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High demand for bark puts bite on African 'medicine tree'

the bark processing process

March 18, 1997
Web posted at: 5:00 p.m. EST

In this story:

From Correspondent Gary Strieker

WESTERN CAMEROON (CNN) -- The bark of a tree the people of Cameroon call "wotango" has become a popular medical treatment, especially for men with prostate problems.

International demand is so great that the tree -- commonly known as red stinkwood or African cherry -- is now in jeopardy of being over-exploited in this central African country along the Atlantic coast.

The bark is chopped from "wotango" trees in wet, highland forests -- some of them on the slopes of Mount Cameroon. From there, it's taken to processing plants where the bark is chopped up, ground into a powder and turned into an extract ready for export to Europe.

In liquid form, the bark is used to treat enlarged prostate glands, an increasingly common health problem affecting older men.

Bark stripping is big business

The chemical compounds in the bark are so complicated, scientists have not been able to synthesize it.

"Wotango" is the only source, making the tree an easy target for illegal bark collectors. Nearly all such trees at Cameroon's lower elevations are dead.

Once the bark is gone the tree dies. In some cases, the trees are chopped down first because it's easier to strip the bark that way.

Also known by its botanical name, Prunus africana, the tree actually is widespread across Africa. But in areas like Cameroon where its bark is harvested commercially, it is now severely threatened.

Managed harvests have disappeared

seedlings

After the medical value of the bark was identified 30 years ago, a French pharmaceutical company hired and trained its own workers to harvest the bark in a controlled way, allowing the tree to regenerate.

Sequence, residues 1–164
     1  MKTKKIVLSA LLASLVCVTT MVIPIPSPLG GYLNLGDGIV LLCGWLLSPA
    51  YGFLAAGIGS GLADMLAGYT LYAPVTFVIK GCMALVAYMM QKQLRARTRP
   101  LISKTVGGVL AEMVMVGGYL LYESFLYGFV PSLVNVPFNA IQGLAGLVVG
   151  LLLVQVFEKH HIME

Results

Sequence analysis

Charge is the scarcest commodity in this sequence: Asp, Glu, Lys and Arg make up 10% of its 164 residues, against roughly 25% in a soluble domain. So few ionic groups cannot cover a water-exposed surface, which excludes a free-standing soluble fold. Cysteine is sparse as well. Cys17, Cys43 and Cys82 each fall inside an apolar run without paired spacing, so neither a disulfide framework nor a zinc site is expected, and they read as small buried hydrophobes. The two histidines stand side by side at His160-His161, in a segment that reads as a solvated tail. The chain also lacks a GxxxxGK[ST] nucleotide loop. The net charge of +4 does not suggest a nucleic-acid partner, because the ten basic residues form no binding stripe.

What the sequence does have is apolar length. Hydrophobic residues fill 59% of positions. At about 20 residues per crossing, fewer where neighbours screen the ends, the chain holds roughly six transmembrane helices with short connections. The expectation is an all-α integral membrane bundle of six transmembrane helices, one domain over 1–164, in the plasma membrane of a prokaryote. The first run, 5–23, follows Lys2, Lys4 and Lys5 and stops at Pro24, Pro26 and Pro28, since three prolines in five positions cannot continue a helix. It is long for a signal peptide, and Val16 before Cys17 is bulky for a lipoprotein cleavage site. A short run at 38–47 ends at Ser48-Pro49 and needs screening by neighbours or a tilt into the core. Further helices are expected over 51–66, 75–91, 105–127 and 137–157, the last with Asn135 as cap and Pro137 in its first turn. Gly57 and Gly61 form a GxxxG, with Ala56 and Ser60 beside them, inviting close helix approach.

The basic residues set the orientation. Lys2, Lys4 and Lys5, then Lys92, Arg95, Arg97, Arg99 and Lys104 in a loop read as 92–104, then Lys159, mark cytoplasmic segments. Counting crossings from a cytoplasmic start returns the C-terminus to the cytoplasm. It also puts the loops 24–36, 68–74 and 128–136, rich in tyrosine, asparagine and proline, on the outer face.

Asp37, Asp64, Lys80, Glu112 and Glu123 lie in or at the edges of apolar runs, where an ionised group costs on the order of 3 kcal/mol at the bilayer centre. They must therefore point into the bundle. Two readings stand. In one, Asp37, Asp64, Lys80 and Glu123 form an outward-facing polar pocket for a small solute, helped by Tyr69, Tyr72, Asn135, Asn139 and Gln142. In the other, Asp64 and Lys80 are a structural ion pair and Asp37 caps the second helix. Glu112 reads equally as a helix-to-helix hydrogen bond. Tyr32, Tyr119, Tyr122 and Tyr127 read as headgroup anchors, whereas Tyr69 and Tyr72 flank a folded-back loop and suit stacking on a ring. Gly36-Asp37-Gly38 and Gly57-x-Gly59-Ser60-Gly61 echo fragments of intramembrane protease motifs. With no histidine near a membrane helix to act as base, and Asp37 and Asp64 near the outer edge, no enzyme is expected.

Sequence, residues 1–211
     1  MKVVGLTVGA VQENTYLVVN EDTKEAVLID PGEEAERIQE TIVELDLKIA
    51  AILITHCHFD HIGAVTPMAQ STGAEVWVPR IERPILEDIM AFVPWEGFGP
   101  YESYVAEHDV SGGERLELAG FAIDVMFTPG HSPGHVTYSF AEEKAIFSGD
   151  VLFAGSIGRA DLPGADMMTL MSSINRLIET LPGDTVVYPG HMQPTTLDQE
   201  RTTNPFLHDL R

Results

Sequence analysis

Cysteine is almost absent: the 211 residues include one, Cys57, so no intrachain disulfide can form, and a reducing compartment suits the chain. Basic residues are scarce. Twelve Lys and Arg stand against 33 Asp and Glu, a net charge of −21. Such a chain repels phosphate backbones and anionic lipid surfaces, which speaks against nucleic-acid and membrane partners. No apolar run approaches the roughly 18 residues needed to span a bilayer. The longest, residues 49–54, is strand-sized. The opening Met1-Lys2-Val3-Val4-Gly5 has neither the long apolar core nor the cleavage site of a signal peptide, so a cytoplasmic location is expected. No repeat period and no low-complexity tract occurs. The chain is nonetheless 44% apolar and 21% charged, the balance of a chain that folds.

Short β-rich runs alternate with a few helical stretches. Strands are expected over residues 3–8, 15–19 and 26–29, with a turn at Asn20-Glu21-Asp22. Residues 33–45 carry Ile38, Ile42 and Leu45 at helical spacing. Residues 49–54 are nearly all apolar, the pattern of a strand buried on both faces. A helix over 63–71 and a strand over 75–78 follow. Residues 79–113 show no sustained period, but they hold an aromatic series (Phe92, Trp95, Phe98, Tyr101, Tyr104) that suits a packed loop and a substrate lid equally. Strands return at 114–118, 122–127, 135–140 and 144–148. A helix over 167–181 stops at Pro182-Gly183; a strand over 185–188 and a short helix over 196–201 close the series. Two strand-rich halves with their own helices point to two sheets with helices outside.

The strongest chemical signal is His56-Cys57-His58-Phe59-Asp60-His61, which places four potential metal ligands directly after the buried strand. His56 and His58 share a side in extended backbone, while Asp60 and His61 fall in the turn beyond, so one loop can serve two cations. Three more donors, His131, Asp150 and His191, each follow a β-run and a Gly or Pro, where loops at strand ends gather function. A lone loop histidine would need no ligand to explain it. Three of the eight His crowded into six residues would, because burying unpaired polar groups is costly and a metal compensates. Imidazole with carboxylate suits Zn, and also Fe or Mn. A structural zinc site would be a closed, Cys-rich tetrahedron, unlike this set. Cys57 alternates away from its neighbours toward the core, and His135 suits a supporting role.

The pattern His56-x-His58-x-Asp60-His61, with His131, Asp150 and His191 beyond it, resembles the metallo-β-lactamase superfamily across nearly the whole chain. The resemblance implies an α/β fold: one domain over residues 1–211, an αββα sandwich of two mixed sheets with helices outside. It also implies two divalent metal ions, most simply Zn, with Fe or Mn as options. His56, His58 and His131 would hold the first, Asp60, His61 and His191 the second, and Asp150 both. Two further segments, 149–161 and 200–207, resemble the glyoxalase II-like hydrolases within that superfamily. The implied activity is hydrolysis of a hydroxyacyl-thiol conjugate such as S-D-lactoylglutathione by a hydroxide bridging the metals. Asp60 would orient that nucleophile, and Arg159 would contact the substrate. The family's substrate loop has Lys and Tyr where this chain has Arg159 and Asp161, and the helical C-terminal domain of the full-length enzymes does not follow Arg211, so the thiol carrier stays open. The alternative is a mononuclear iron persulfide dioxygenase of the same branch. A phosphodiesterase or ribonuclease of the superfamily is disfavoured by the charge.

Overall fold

But everything changed in 1985 when the government of Cameroon ended the company's monopoly and gave harvesting licenses to local businesses.

Since then, bark collecting has gone out of control.

"It's building up into a mafia because it fetches quick money," says Sam Endeley, paramount chief of Bakweris.

In nearby villages, young men admit they harvest illegally, selling bark to contractors who come with pickup trucks at night.

"Many of them say they don't have a job, so they can only peel these trees," explains Samwel Mbella, a mountain guide. "That's (how) they can earn a living."


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  • But the illegal harvesters blame Cameroon's leaders for what has happened, saying government indifference and corruption allow the process to continue.

    Why should they stand by and obey the law, they say, when others are making money?

    Villager William Nygme told CNN he and the other illegal harvesters would welcome a government-controlled system allowing them to remove the bark in a sustainable way that protects both the trees and the villagers' future earnings.

    Growing their own trees

    It may be too late to save these trees in the wild, so Plantecam, the company that processes the bark, is hedging the future.

    To keep its supply coming, Plantecam is growing seedlings -- distributing thousands of them to villagers interested in starting small tree plantations.

    The seedlings eventually might be the only surviving "wotangos," a medicine tree too valuable for its own good.

     
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